Since we clawed our way out of the Middle Ages and discovered penicillin, cleanliness and hygiene have taken on a highly acceptable and desirable place in sociological norms. The urine fetish hasn’t achieved that social status because it’s largely believed to be the exact opposite.

There’s also a pervasive peevishness concerning what we discuss with one another about sex. While there’s a degree of acceptance when discussing twerking in the locker room, admitting that you like it when your wife lets her bladder go on your chest is often considered “too far.”

Social norms are always changing and, to some degree, taboo sexual proclivities are becoming the norm while others are taking a back seat. That’s not to say that urophilia won’t become a more pronounced and acceptable kink.

However, it is largely held back and kept within the definition of what is taboo, by its association with cleanliness and hygiene, neither of which are explicitly defined under the terms of sexuality.

So long as society considers being clean and hygienic as the epitome of what makes you an acceptable member of society, then a urine fetish is going to remain strictly within the “taboo” category.

Is a urine fetish a mental disorder?

Urolagnia Psychology isn’t exactly a thing, although sexual psychology is both accepted and mainstream. It’s not a thing because there’s just not that much information on it. It’s not as if there are thousands of urine fetish participants lining up outside the offices of psychologists, ready to spill the beans.

The Diagnostic Statistics Manual is essentially the Bible insofar as psychologists are concerned. The basic assumption that you can derive from it is that so long as it isn’t distressing the person that has the fetish, it isn’t a disorder.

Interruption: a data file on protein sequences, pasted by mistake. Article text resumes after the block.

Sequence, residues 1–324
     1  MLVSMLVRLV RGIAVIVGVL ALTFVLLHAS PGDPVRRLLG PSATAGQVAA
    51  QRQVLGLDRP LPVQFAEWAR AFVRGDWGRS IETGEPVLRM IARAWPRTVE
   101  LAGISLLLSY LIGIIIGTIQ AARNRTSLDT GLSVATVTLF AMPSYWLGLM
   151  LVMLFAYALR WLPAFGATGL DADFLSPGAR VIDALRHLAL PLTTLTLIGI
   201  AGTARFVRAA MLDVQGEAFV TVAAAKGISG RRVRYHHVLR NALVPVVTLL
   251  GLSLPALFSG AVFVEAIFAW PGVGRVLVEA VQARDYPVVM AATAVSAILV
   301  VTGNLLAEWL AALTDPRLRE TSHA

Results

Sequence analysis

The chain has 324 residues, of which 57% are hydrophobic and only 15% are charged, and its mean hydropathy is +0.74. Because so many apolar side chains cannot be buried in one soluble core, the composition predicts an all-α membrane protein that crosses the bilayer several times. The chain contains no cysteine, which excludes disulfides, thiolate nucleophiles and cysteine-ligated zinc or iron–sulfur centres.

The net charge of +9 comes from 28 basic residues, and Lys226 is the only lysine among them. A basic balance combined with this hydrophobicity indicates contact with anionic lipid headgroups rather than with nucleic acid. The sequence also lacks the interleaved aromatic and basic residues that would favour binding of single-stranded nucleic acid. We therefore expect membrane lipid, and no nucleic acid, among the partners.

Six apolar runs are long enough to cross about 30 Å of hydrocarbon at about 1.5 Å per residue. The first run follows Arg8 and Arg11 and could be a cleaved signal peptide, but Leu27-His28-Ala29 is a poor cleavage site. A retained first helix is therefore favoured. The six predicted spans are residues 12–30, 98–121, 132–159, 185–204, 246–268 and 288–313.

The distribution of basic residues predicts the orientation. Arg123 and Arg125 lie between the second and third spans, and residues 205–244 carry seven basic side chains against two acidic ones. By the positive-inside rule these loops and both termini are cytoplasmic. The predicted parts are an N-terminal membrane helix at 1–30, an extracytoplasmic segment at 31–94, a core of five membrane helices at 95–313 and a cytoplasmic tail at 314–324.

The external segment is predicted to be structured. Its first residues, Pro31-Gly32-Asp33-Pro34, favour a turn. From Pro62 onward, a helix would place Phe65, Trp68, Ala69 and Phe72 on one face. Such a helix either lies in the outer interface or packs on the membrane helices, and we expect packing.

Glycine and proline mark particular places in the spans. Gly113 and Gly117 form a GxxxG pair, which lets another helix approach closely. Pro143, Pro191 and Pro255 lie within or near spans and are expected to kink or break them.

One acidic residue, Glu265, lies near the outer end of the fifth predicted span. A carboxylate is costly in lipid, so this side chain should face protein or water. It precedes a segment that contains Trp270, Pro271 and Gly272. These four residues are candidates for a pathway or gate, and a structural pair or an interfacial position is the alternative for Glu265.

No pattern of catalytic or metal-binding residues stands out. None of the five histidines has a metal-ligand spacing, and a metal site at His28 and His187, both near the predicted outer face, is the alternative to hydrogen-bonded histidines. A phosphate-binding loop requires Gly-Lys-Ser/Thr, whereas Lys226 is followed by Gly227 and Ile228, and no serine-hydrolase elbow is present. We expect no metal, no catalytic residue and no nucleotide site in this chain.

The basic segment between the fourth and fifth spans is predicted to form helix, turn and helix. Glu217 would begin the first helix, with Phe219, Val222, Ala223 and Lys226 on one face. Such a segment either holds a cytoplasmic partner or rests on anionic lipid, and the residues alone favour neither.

You don’t have to worry that you’re becoming the next Jeffrey Dahmer if you have a prevailing urge to pee on your partner or want your partner to do likewise.

The fascination and arousal derived from urine are interesting – from a psychological perspective – but it shouldn’t be relegated to the hallowed halls of psychological horror movies or to some 1950s insane asylum.

Is participating in a urination fetish safe?

It’s considered to be moderately safe, so long as you avoid taking a blast directly in the face and consuming it. Despite all of the claims concerning skin rejuvenation and the health benefits from bathing in and consuming a golden shower, there are no legitimate scientific studies to back that up.

For ages, urine was considered to be, for the most part, sterile. The greatest degree of danger from engaging in a urine fetish came from the actual consumption of urine. Even then, it was only considered dangerous if you drank the initial stream.

The truth is, there is a small degree of danger that you could contract hepatitis or cytomegalovirus. As far as most other sexually transmitted diseases are concerned, you’re not in any danger from getting HIV or the Clap from having some harmless, urolagnia fun.

That doesn’t mean that it’s impossible, however, as HIV can be found in urine. Fortunately, urine is the one body fluid that holds the least amount of the virus.

If you have an STD, you shouldn’t engage in the exchange of bodily fluid in any way, shape, form, or manner, regardless of the degree to which it is considered safe.